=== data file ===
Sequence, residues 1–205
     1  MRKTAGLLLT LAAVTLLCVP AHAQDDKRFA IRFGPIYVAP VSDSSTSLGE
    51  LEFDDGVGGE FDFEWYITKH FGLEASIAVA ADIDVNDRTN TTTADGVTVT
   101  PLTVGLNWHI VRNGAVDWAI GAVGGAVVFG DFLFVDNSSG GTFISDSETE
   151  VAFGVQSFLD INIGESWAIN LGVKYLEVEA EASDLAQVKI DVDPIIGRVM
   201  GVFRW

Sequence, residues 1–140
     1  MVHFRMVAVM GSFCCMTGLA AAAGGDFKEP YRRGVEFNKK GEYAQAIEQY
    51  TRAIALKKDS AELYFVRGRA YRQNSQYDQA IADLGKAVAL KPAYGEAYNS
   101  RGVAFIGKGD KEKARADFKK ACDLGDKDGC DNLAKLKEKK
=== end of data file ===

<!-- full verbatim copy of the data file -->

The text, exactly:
Sequence, residues 1–205
     1  MRKTAGLLLT LAAVTLLCVP AHAQDDKRFA IRFGPIYVAP VSDSSTSLGE
    51  LEFDDGVGGE FDFEWYITKH FGLEASIAVA ADIDVNDRTN TTTADGVTVT
   101  PLTVGLNWHI VRNGAVDWAI GAVGGAVVFG DFLFVDNSSG GTFISDSETE
   151  VAFGVQSFLD INIGESWAIN LGVKYLEVEA EASDLAQVKI DVDPIIGRVM
   201  GVFRW

Sequence, residues 1–140
     1  MVHFRMVAVM GSFCCMTGLA AAAGGDFKEP YRRGVEFNKK GEYAQAIEQY
    51  TRAIALKKDS AELYFVRGRA YRQNSQYDQA IADLGKAVAL KPAYGEAYNS
   101  RGVAFIGKGD KEKARADFKK ACDLGDKDGC DNLAKLKEKK